IBM and the Swiss Federal Institute of Technology are working on a water-cooled supercomputer whose surplus heat will be re-used to heat the university's buildings.
Forget those boring generic desktops sold en masse and prepare to witness the birth of a powerful PC built inside a "Star Wars" AT-AT.
An IBM pilot project couples solar panels to high-voltage direct-current servers to save energy and provide on-site power to remote locations with unreliable or unavailable power.
With Windows 8, the software giant is presenting a counter-argument to Apple's Mac and iPad strategy, suggesting that customers will want one operating system to handle all their computing needs.
At its Build conference, Microsoft sheds some light on the upcoming OS--the first to work on tablets with touch from the start and a potential game-changer. Also, the anti-Flash crowd and more iPhone 5 speculation.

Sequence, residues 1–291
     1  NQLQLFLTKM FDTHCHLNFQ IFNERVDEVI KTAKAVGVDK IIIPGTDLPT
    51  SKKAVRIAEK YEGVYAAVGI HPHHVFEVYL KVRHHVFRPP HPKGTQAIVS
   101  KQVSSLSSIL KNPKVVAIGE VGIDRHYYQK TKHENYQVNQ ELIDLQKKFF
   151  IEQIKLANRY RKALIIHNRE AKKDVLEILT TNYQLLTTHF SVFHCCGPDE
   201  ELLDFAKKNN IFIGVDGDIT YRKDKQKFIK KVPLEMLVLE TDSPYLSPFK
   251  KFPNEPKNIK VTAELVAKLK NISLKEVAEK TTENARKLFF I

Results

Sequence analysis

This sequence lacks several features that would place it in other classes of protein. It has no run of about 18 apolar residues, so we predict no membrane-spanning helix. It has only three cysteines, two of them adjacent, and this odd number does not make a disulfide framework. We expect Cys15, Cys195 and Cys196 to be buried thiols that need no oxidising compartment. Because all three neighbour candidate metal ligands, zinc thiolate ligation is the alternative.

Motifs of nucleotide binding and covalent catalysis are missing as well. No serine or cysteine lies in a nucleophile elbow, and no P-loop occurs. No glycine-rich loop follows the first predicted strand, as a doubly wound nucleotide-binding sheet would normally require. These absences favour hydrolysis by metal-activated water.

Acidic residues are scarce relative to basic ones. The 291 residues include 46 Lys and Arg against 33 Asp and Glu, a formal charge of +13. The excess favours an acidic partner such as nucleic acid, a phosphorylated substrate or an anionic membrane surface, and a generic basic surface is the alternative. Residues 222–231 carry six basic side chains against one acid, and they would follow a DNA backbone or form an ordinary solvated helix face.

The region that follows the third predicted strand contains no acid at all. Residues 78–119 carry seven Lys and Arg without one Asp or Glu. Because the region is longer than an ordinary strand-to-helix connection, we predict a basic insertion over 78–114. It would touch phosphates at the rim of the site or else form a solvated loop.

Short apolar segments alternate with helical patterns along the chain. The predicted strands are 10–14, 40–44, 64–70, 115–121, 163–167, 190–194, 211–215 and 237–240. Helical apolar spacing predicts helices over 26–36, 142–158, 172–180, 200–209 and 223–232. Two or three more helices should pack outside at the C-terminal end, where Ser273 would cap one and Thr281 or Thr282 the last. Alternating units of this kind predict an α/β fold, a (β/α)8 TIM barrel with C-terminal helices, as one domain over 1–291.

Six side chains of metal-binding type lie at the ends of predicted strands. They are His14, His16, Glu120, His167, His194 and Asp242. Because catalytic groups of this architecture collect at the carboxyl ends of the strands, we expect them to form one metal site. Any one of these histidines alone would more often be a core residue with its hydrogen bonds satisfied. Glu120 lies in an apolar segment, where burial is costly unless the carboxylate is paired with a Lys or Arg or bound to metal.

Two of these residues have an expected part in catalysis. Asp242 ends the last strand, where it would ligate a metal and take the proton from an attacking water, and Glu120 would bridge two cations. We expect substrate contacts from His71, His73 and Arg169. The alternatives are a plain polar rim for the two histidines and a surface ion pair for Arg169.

This computer mod features a three-piece monitor setup and an impressive green-colored water-cooling system. Oh, and the whole desktop glows a lovely shade of blue.
For high-end PC gamers, OnLive won't replace your turbocharged, water-cooled quad-GPU gaming rig and the insane screen resolutions it can pump out, but for casual gamers who are interested in sampling the latest PC games, get ready to have your mind blown.
Supercomputer is designed to cut energy use by 40 percent by cooling each processor with circulating water. The waste heat is then used to warm the building.
The Blue Waters project will tap IBM's upcoming Power7 processor for an ultrafast machine at the University of Illinois.
IBM's "green innovation" data center uses cutting-edge technologies, such as temperature sensors, and building designs aimed at cutting energy consumption.